A dislocation is when two connected bones become separated. Dislocations are caused by falls and hard impacts, such as in sports injuries, and are more common in teens than young children. These injuries require emergency medical care to avoid further damage.
Signs and Symptoms
A joint is where two or more bones come together. A joint may be dislocated if it is:
- bruised or red
- difficult to move
- out of place
What to Do
If you think your child has a dislocation, seek emergency medical care or call 911. Until care is received, do the following:
- Leave the joint alone. Attempting to move or jam a dislocated bone back in can damage blood vessels, muscles, ligaments, and nerves.
- Apply an ice pack. Ice can ease swelling and pain in and around the joint.
- Use ibuprofen or acetaminophen for pain.
- Make sure kids wear the appropriate safety gear during sports activities.
- Supervise children when they're playing — a hard fall can happen anywhere, anytime.
- Avoid tugging hard on a young child's arm or shoulder, which can cause injury or dislocation.
Reviewed by: Steven Dowshen, MD
Date reviewed: April 2014
|National SAFE KIDS Campaign The National SAFE KIDS Campaign offers information about car seats, crib safety, fact sheets, and links to other health- and safety-oriented sites.|
|American Academy of Orthopaedic Surgeons (AAOS) The AAOS provides information for the public on sports safety, and bone, joint, muscle, ligament and tendon injuries or conditions.|
|Children's Safety Network Made up of several resource centers funded by the Maternal and Child Health Bureau of the U.S. Department of Health and Human Services, the Children's Safety Network works to reduce injuries and prevent violence for children and adolescents.|
|American Sports Medicine Institute The mission of ASMI is to improve the understanding, prevention and treatment of sports-related injuries through research and education.|
|A to Z: Dislocation, Shoulder A shoulder dislocation causes the top of the upper arm bone (humerus) to slip out of its normal position in the shoulder socket.|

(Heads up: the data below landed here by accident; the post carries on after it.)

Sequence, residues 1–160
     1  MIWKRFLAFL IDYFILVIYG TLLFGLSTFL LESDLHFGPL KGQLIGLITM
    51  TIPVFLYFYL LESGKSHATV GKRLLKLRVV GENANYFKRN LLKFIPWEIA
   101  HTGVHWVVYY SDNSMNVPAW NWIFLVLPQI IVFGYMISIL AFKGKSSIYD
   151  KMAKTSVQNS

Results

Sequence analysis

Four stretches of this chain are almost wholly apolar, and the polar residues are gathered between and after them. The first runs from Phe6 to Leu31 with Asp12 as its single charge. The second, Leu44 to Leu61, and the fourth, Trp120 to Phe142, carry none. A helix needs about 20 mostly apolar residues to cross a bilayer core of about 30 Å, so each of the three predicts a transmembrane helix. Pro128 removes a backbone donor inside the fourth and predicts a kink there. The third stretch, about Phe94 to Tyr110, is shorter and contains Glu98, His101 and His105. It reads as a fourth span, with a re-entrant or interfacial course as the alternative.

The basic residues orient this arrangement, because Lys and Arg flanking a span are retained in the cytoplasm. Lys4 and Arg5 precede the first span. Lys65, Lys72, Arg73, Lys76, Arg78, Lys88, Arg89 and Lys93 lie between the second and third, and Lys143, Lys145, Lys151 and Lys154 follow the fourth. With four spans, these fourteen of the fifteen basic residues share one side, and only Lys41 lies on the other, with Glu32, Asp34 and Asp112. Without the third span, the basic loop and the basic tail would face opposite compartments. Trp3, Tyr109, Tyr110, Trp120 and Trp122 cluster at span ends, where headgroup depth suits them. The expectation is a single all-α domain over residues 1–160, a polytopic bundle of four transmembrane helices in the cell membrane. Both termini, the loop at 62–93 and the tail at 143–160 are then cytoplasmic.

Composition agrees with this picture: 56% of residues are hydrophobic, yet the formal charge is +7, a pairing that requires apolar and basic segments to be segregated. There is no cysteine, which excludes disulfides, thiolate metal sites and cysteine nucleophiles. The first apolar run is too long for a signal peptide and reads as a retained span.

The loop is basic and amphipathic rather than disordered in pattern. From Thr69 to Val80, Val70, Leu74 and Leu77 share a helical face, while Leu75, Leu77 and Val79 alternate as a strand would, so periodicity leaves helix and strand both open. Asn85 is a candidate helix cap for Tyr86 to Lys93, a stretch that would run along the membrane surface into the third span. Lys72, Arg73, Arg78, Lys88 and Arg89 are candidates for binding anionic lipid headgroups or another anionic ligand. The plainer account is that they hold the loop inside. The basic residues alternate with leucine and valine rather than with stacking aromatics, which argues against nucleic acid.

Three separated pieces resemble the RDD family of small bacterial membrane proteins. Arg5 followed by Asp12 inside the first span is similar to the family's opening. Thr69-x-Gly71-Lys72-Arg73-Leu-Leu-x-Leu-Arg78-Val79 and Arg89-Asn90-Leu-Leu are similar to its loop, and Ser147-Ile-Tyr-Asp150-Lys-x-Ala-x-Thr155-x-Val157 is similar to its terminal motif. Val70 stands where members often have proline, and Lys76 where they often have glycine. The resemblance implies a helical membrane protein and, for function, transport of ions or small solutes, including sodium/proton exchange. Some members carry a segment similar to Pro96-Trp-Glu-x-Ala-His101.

|A to Z: Dislocation, Thumb A dislocation is when the bones in a joint slip out of their normal position. A dislocated thumb may happen from a fall, blow, or sports injury, especially if the thumb is bent back or jammed.|
|A to Z: Dislocation, Finger A dislocation is when the bones in a joint slip out of their normal position. A finger dislocation may happen from a fall, blow, or sports injury, especially if the finger is bent back or jammed.|
|A to Z: Patellar Dislocation Patellar dislocation happens when the patella (kneecap) slips out of its normal position.|
|A to Z: Dislocation, Toe A dislocation is when the bones in a joint slip out of their normal position. A dislocated toe may happen from a blow or jamming the toe, such as bumping the toe into furniture or during sports.|
|Broken Bones, Sprains, and Strains Broken bones and torn muscles, ligaments, and tendons happen. Find out what to do if your child experiences any breaks, strains, or sprains.|
|Bones, Muscles, and Joints Without bones, muscles, and joints, we couldn't stand, walk, run, or even sit. The musculoskeletal system supports our bodies, protects our organs from injury, and enables movement.|
|Nursemaid's Elbow A quick tug of a toddler's arm can result in a partial dislocation of an elbow ligament, causing an injury known as nursemaid's elbow.|
Note: All information is for educational purposes only. For specific medical advice, diagnoses, and treatment, consult your doctor.
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